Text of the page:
A Message from BAC
We share in the heartbreak and outrage expressed over the brutal killings of George Floyd, Tony McDade, Breonna Taylor, Ahmaud Arbery, and so many others. BAC passionately stands in solidarity in the fight against racism and supports the protests of the injustices disproportionately faced by Black and Brown artists and communities.
BAC provides time and space for artists of all identities; it is now our responsibility to amplify the voices that compel us to do the work to create a new America that is more just, equitable, and safe. We are committed to supporting the individuals and organizations contributing to peaceful demonstrations and direct actions. Please follow these links for more information:
BAC’s building is temporarily closed with the exception of limited studio activity. We are accepting rental requests for rehearsals and film/media production.
We will continue to update this page with new information about future BAC activity, subject to official mandates and recommendations.
See our ongoing list of resources for artists impacted by COVID-19.
Thank you for your support.
Last updated Thursday, July 1, 2021.
BAC Residencies support artists by providing space for creative investigation. Each year, BAC hosts up to 20 artists in residence to develop ideas, projects, and collaborations. Support can include use of BAC’s studios and theaters, work-in-progress showings, artist honoraria, and technical and administrative services. BAC Residencies provide a pressure-free environment for artists, who are encouraged to focus on their current priorities without the expectation of delivering a finished product.
BAC collaborates with many organizations and performing arts groups. Among our partners are:
Dance Films Association
French Institute Alliance Française (FIAF)
International Contemporary Ensemble
Irish Arts Center
Lower Manhattan Cultural Council
National YoungArts Foundation
Orchestra of St. Luke's
Performance Space New York
Theatre for a New Audience
The Wooster Group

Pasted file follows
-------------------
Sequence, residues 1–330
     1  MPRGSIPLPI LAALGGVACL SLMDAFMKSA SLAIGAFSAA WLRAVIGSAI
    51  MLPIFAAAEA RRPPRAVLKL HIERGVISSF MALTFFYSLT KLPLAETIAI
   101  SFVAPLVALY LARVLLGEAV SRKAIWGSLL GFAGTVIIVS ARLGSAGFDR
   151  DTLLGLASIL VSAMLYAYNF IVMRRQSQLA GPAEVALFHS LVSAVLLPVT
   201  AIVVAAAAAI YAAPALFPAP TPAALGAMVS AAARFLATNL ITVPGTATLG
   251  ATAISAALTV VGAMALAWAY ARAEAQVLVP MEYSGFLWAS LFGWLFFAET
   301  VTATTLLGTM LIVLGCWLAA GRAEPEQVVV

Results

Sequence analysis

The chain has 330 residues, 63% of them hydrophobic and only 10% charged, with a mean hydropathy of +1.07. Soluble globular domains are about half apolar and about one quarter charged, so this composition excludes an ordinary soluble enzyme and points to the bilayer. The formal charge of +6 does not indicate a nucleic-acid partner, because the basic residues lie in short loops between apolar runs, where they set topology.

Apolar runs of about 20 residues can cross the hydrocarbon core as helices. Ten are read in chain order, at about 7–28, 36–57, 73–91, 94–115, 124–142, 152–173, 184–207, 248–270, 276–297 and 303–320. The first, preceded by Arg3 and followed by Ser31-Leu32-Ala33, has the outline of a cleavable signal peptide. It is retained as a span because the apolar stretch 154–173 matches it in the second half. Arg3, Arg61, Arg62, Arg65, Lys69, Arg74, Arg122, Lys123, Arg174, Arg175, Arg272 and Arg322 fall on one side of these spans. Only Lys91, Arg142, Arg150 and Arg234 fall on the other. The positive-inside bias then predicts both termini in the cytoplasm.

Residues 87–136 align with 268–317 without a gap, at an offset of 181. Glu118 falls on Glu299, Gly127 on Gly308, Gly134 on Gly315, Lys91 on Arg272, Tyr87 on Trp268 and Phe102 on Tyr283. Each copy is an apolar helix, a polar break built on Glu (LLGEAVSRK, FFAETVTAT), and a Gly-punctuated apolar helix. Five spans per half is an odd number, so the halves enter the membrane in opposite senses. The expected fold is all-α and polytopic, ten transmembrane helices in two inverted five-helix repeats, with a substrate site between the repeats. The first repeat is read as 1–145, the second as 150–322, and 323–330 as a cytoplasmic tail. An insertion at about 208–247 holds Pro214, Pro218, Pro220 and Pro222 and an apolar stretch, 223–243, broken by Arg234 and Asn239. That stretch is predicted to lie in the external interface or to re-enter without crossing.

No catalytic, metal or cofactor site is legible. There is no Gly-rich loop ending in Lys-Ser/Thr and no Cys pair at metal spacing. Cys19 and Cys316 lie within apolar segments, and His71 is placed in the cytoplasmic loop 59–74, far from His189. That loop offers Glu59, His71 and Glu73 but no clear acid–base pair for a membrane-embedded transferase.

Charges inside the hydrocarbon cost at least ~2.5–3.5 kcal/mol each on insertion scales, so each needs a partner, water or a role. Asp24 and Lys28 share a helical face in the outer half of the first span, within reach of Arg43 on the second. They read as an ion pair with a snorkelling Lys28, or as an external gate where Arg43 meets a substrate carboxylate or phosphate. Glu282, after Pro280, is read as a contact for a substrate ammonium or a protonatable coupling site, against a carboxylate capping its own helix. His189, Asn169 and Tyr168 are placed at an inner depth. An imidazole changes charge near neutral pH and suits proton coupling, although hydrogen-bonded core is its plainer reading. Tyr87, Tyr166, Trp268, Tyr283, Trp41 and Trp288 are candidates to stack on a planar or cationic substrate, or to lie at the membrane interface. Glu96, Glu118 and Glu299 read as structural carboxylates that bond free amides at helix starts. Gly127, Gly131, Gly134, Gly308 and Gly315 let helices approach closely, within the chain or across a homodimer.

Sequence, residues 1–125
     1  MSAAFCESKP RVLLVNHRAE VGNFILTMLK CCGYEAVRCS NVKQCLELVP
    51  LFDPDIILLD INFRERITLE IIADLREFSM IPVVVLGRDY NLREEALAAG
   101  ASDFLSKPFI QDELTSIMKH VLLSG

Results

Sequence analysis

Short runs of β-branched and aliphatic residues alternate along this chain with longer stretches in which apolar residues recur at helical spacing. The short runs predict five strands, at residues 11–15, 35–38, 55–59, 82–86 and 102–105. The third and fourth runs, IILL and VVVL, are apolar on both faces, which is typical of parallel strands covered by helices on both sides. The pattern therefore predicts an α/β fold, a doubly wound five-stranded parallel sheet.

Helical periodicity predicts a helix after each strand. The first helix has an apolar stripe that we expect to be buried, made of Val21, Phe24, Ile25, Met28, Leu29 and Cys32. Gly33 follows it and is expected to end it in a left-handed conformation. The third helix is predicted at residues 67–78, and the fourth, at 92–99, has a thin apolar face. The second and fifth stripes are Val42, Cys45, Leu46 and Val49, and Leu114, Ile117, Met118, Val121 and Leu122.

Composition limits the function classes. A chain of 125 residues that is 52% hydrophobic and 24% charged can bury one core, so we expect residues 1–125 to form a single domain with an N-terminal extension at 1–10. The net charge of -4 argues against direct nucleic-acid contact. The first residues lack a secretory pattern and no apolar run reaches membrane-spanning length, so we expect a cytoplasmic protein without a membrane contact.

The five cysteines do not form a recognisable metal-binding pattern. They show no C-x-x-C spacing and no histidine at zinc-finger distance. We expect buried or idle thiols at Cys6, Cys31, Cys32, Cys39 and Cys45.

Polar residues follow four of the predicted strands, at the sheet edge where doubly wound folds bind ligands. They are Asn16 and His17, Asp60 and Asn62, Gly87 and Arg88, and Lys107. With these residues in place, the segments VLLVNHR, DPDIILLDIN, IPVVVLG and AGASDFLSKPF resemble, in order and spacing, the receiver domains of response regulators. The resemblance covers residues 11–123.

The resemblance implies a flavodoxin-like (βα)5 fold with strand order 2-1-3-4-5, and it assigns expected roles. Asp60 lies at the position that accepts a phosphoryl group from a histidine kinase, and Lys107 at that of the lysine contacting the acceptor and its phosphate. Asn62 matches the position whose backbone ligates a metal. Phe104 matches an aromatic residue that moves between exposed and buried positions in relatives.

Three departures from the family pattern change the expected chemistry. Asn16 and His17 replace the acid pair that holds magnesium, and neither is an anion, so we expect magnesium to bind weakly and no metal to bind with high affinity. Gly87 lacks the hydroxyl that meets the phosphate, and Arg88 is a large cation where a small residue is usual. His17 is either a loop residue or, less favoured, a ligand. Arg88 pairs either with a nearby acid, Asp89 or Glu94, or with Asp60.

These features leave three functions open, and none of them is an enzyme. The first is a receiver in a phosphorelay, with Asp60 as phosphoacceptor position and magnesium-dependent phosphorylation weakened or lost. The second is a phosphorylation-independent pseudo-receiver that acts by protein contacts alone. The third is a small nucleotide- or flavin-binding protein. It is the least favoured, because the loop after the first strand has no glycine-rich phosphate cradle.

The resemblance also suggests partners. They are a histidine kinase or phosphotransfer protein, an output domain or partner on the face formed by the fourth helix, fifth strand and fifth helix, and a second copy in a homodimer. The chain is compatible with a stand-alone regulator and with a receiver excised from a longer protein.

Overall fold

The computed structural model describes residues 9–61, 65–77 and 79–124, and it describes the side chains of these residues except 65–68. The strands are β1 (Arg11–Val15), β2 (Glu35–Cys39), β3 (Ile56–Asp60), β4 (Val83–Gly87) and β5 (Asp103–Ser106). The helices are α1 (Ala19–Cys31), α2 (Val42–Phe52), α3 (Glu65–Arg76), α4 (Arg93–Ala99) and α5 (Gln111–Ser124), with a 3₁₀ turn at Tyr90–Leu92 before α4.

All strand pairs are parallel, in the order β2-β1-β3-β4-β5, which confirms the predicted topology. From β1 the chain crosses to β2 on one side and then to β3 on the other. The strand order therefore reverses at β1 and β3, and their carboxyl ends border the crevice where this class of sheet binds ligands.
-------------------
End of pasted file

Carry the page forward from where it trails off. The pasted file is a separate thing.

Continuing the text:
Born 1948 in Riga, Latvia, Mikhail Baryshnikov is considered one of the greatest dancers of our time. After commencing a spectacular career with the Kirov Ballet in Leningrad, he came to the West in 1974, settling in New York City as principal dancer with American Ballet Theatre (ABT). In 1978 he joined New York City Ballet, where he worked with George Balanchine and Jerome Robbins. A year later he was appointed artistic director of ABT where, for the next decade, he introduced a new generation of dancers and choreographers. From 1990-2002, Mr. Baryshnikov was director and dancer of the White Oak Dance Project, which he and choreographer Mark Morris co-founded to expand the repertoire and visibility of American modern dance. As an actor he has performed widely on- and off-Broadway, as well as in television and film, receiving a Tony Award nomination and a Drama Desk Award nomination for Metamorphosis, and an Academy Award nomination for The Turning Point. Other theatrical productions include Forbidden Christmas or The Doctor and the Patient, Beckett Shorts, In Paris, Man in a Case, The Old Woman, and Letter to a Man. He recently toured Brodsky/Baryshnikov, a theatrical solo work directed by Latvian director Alvis Hermanis. Current projects include NOT ONCE., a cinematic installation developed in collaboration with Jan Fabre and Phil Griffin, and a second theatrical production directed by Hermanis entitled The White Helicopter which premiered November 2019 at The New Riga Theatre. In 2005, he launched Baryshnikov Arts Center (BAC) in New York City, a creative space designed to support multidisciplinary artists from around the globe. Among Mr. Baryshnikov’s many awards are the Kennedy Center Honors, the National Medal of Arts, the Commonwealth Award, the Chubb Fellowship, the Jerome Robbins Award, and the Vilcek Award. In 2010, he was given the rank of Officer of the French Legion of Honor, and in 2017 he received Japan’s prestigious Praemium Imperiale International Arts Award in Theatre/Film.